Google Basics for Kids – Collaborating In Docs & Slides Series Part 2 “Assign Student Work”
Step #2 – Assign Student Work- Small & Large Groups
In my last post, I began a three-part series on teaching our younger students to collaborate when completing a digital task. The first tip I mentioned in last week’s post, was to “Set Up the Rules” and procedures. My two most important rules:
- Instruct your students to ask permission before editing anyone’s work.
- Teach kids to use “Undo” if they find themselves accidentally altering someone else’s work.
When you finally have those rules established (See my last post “Setting Up Rules” for the complete list), tip # 2 is to “Assign Student Work”. Below, I have illustrated how I manage and assign work to small groups and larger groups.
For smaller groups, I like to assign a font color to a student before they begin so that at a glance I can see each student’s work and create a sense of accountability to the group. Of course, you can always let the kids choose their own color by using the “Fill-in” bucket on the toolbar but at least the decision is made ahead of time.
For larger groups, I include a Table Index on the second slide after the directions page. This has been a huge help to clarify who is completing what task and the slide number they are to work on.
BONUS TIP for Non-Readers: Student photos can be used instead of printed names to assign work on the Index Table for nonreaders if reading the names are a struggle. Also, “Voice Typing” can be accessed in Slides from the toolbar if students type in the “Speaker Notes” box located at the bottom of the slide, not on the slide itself, then copy and paste that scribed text from the Speaker Notes box into the slide assigned to them. I had a parent or my student aide help kids add their content using this method and it worked very well. *Important- It is very important to copy and paste the Speaker Notes into the Slides because Speaker Notes will not show when the Slides are in “Presentation” mode.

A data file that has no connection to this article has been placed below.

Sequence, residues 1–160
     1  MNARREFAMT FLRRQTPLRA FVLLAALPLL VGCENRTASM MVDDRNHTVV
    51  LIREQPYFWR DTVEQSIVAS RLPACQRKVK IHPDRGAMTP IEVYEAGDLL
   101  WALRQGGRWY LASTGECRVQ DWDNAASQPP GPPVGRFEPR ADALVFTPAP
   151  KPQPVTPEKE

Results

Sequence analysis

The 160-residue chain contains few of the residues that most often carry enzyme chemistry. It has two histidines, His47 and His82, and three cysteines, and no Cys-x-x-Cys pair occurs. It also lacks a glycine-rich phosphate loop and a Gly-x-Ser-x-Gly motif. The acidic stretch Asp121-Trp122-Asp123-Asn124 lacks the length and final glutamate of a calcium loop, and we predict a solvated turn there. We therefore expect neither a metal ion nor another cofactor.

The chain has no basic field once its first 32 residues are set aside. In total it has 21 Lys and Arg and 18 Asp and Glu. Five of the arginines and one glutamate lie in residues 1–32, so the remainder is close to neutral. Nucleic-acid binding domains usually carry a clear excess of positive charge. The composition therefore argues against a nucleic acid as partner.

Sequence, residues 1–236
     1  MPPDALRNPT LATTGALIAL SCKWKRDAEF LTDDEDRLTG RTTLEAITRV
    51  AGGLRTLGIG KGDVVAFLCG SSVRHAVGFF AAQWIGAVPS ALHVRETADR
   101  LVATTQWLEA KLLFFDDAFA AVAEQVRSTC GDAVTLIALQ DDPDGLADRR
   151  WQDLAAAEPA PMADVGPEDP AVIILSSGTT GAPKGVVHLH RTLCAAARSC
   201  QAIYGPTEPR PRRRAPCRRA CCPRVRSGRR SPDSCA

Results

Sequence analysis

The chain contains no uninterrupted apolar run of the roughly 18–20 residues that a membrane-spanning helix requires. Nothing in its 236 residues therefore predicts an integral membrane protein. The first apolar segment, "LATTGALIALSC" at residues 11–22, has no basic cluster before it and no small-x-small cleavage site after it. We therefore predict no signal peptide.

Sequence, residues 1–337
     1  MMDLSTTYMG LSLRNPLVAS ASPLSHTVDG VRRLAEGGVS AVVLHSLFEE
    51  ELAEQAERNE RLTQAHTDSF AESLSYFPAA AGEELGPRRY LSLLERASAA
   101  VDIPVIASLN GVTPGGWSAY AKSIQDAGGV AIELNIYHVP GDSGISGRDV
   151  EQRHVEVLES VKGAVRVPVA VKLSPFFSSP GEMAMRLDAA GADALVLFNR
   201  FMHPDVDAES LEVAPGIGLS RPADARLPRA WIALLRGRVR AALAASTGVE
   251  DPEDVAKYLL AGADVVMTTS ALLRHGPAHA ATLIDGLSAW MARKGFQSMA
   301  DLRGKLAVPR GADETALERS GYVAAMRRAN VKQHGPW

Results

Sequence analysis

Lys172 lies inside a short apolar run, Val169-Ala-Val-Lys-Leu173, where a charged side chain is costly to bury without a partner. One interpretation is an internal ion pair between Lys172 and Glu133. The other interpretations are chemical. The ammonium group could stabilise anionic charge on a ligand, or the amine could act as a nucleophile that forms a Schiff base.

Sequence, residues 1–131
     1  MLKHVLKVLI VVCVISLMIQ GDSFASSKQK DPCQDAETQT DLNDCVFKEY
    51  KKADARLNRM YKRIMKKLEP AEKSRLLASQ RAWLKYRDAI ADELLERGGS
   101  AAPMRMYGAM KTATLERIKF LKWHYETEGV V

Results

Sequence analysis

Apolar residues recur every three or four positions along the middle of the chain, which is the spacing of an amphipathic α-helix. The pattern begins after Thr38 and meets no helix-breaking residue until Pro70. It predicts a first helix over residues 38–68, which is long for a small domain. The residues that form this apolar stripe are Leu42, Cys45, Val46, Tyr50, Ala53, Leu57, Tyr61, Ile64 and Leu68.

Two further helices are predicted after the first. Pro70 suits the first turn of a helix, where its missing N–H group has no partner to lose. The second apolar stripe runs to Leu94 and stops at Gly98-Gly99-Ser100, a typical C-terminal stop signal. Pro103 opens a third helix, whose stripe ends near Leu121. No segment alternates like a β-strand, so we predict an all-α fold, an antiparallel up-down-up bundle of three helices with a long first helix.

It is fun to see the kids realize that the words they spoke really did represent the text that magically appeared using the Voice Typing tool.
My next blog post in this series will be- TIP #3 “Working Together”. In this post, I will lay out specific management ideas that have helped me better teach students to communicate when completing digital work. My next series after this Collaboration Series will be on “Sharing in G Suite“, how to give editing rights and permissions to others when sharing digital work.
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If you would like a user-friendly version of all content from this 3 Part mini-series ~Collaborating In Docs & Slides, Click here to purchase for $4.95. My Slides break procedures down into bite-sized pieces, offering you kid-friendly language and all the links and images you see throughout this series so that you may easily teach kids to collaborate using Google Docs and Slides in your classroom.